Improving soil a necessity if we are to sustain ourselves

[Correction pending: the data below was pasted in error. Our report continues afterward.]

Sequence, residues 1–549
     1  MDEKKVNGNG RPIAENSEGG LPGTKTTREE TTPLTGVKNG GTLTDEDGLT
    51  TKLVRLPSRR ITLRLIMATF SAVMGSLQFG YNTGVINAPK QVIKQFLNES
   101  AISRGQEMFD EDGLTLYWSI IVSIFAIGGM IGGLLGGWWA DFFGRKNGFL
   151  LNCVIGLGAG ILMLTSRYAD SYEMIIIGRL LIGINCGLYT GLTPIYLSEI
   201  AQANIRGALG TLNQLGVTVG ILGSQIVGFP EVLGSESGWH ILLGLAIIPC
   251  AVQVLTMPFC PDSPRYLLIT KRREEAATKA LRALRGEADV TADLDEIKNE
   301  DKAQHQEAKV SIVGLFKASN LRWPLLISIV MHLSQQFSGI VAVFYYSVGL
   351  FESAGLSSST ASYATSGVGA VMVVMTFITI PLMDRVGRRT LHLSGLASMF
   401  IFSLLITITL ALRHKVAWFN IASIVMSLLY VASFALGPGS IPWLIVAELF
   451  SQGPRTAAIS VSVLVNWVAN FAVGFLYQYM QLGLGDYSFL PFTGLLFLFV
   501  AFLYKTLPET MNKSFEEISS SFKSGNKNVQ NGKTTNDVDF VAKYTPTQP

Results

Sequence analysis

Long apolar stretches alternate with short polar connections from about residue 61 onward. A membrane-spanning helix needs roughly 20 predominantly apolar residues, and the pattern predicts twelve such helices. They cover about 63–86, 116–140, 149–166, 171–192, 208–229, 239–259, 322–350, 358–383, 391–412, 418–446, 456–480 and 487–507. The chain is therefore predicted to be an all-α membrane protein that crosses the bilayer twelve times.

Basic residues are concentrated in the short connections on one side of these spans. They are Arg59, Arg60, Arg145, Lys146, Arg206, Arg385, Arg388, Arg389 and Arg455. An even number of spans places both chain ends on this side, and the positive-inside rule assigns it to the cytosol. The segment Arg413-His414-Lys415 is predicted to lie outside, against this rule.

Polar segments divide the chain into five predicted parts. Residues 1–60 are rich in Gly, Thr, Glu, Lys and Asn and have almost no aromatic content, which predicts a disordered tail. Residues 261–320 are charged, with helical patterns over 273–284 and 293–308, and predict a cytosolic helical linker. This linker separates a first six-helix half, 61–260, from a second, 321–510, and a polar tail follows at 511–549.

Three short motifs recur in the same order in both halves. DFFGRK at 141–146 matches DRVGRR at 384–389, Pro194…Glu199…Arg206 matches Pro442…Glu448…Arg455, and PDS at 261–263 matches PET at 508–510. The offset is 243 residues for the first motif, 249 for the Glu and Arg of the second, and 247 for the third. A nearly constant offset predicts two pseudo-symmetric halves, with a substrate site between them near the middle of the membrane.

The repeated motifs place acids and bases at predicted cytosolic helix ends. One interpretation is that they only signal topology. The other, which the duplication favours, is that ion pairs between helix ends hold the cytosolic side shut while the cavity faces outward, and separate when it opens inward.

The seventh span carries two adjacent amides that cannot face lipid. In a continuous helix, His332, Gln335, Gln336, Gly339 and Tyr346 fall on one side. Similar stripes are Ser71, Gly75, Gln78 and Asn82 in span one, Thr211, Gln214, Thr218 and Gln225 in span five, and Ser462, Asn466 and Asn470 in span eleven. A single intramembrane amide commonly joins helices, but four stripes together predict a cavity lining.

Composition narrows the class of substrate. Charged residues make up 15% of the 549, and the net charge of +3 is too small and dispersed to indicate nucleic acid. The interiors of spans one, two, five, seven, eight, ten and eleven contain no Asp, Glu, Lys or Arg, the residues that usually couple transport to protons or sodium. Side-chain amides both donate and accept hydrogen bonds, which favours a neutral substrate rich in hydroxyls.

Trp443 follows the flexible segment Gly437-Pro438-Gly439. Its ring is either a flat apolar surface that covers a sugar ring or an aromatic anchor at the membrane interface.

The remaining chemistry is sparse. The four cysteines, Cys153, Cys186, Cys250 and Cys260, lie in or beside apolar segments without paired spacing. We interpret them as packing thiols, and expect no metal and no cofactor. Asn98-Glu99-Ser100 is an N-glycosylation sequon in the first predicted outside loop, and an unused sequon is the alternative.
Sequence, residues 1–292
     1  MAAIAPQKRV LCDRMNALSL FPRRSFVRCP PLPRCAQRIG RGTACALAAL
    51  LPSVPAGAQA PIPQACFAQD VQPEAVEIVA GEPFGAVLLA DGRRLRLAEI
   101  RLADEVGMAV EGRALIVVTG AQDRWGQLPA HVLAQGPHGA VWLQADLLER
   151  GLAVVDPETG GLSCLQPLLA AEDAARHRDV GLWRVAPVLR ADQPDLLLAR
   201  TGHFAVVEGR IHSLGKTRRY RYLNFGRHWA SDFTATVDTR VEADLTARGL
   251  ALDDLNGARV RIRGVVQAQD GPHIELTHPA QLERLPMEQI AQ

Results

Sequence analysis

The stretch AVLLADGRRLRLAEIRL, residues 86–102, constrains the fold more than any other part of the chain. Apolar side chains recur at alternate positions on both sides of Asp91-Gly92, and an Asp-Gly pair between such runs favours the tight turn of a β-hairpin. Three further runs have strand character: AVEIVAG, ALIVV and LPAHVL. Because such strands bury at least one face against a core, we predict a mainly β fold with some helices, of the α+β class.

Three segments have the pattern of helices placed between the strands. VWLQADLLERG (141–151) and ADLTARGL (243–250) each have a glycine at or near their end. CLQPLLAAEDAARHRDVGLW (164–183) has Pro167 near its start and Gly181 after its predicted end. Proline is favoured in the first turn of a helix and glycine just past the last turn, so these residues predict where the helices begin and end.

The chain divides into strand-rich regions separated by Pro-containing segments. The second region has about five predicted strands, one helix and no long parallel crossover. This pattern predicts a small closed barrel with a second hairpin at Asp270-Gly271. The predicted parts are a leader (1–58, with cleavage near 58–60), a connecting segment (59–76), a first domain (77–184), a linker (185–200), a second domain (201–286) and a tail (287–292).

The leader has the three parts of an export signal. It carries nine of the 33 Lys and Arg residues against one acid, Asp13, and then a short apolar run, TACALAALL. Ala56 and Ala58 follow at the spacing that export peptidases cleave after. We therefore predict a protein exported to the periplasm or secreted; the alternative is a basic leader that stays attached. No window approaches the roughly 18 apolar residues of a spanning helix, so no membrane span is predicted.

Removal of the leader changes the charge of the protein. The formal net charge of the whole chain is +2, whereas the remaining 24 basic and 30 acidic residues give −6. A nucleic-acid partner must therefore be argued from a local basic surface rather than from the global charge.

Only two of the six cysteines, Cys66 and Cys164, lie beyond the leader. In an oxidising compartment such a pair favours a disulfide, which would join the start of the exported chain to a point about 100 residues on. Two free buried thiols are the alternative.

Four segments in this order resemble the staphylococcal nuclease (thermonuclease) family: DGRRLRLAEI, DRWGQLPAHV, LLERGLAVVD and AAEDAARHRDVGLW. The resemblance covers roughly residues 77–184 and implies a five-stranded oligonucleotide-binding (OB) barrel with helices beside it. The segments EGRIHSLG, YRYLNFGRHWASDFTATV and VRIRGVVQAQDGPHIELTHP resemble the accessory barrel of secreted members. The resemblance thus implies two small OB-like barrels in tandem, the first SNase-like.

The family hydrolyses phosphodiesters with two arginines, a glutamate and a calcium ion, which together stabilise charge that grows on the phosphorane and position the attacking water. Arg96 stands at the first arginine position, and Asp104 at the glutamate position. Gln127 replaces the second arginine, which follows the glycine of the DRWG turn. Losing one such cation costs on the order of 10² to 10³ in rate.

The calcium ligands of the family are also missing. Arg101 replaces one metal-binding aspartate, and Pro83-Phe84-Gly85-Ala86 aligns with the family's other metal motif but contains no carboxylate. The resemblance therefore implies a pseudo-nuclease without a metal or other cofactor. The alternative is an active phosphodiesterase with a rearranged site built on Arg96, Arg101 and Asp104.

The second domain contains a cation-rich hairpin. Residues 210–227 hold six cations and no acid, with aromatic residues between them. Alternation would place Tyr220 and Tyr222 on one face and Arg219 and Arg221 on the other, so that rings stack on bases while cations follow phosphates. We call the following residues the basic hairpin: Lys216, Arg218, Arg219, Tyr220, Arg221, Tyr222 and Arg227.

Ingham believes that traditional soil additives such as chemical and salt-based fertilizers, ammonia and lime are damaging our soils and diminishing our ability to produce abundant crops. “Stop killing your soils with your chemical addiction,” she adamantly stated and added that “what we need to do is add large amounts of well-made compost to our soils to reintroduce beneficial organisms. If you are trying to grow a certain crop and your soil needs more fungi the compost or tea can be made to support that need. If your crop needs more beneficial organisms a batch is made to meet that need. If you want to improve a home garden or flower beds, emerging orchards or young forests the same holds true.” Dr. Charles Cubbage, semi-retired environmental consultant and retired toxics expert for the State of Michigan, was an attendee and not shy to say “Michigan has a great opportunity to benefit from recognizing the importance of soil ecology and the benefits we can reap from improving our soils because of our niche farms.”